Company initiatives, Partnership, Press Release, R&D

LEAF Technologies enters itaconic acid market

I can blog again! Yay! The blog’s maintenance took far longer than expected but keeping my fingers crossed that all is right in my blog world.

Meanwhile, let me post this recent news from France-based Leaf Technologies (Lesaffre Advanced Fermentation Technologies) on its R&D collaboration with Dutch DNA, a spin-out of independent research organization, TNO. Dutch DNA and Leaf Technologies will focus on the development of a new fungal host for the production of itaconic acid. The partners aims to create an engineered fungal host with superior performance, and that could utilize both simple and cellulosic sugars.

The goal is to reduce the production cost of itaconic acid and enable its broader use as a renewable building block chemical. Itaconic acid currently has a small market with limited industrial applications.

The only company the blog knows so far that are in the itaconic acid development is New Hampshire, US-based Itaconix Corporation, and we’ve reported in August some of the company’s commercialization of polymer products based on the derivative polyitaconic acid.  The company noted in a presentation last year the potential addressable market for itaconic acid is around 10.8 million tons as a building block, as linear polymers, cross-linked polymers and emulsion polymers.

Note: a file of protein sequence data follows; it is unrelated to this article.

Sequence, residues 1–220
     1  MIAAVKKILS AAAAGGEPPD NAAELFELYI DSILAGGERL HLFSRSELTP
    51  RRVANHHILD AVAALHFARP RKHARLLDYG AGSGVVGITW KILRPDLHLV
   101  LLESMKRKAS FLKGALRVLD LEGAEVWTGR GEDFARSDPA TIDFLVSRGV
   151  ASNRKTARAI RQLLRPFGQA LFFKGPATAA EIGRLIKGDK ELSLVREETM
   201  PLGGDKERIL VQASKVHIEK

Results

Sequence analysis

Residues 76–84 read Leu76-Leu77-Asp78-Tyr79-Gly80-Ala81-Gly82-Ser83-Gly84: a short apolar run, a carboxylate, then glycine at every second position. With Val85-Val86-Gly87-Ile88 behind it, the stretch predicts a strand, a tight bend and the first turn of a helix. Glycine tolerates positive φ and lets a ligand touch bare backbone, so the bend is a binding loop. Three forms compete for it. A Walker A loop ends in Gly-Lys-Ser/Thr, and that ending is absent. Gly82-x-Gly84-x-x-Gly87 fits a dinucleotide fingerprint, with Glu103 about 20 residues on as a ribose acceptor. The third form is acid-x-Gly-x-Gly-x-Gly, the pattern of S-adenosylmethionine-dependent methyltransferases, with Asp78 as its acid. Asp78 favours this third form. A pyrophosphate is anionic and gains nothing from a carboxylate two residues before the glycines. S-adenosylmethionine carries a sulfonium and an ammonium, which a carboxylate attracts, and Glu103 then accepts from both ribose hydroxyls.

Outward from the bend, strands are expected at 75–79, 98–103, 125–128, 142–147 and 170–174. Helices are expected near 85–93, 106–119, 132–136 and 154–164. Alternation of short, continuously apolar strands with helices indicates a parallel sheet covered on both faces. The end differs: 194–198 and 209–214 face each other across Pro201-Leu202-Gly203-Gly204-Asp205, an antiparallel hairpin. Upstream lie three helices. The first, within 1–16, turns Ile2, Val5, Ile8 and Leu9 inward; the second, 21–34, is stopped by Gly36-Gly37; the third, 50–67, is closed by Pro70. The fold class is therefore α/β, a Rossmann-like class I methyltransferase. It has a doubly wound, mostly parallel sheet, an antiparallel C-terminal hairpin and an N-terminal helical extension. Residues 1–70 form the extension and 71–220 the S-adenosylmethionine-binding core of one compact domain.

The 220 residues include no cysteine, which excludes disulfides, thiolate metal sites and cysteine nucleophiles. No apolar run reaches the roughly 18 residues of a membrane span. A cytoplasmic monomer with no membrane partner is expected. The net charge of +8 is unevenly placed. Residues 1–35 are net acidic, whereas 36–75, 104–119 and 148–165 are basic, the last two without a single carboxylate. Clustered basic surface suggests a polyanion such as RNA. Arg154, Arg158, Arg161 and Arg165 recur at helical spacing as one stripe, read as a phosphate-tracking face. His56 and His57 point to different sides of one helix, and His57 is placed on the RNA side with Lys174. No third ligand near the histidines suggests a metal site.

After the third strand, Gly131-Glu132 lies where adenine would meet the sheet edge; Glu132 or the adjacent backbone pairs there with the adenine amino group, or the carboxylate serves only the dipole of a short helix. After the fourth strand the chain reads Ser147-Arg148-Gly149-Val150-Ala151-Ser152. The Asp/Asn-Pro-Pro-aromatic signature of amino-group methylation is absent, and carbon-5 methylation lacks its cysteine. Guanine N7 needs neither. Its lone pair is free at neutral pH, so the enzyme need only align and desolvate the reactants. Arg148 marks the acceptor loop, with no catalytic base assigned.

Supply of itaconic acid is reportedly around 70 kt of worldwide fermentation capacity from 3 large and 4 smaller facilities in China using C6 feedstock. One facility in the US is a repurposed facility using C6 feedstock as well.

Primary current use of itaconic acid is as a co-monomer in emulsion polymers, and demand worldwide is estimated at less than 40 kt. Current production of itaconic acid is through fermentation of glucose with A.terreus microorganism.

Other alternative routes include fermentation of hemicellulose sugars with Aspergillus Terreus; fermentation of glycerol with Aspergillus Terreus; biotransformation of citric acid; upgrading succinic acid; fermentation of glucose with Aspergillus Niger or using new organisms such as what Leaf and Dutch DNA aim to do.

 

Itaconix DSP

About Doris de Guzman

Will Green Chemistry save the world or is it hype? Doris de Guzman examines alternative processing, new technology, R&D and other sustainability initiatives aimed at preventing pollution; replacing ingredients; and using renewable feedstocks in Green Chemistry. She has been covering the oleochemicals market for 15 years and spread her beat to inorganics, biofuels and green chemistry.

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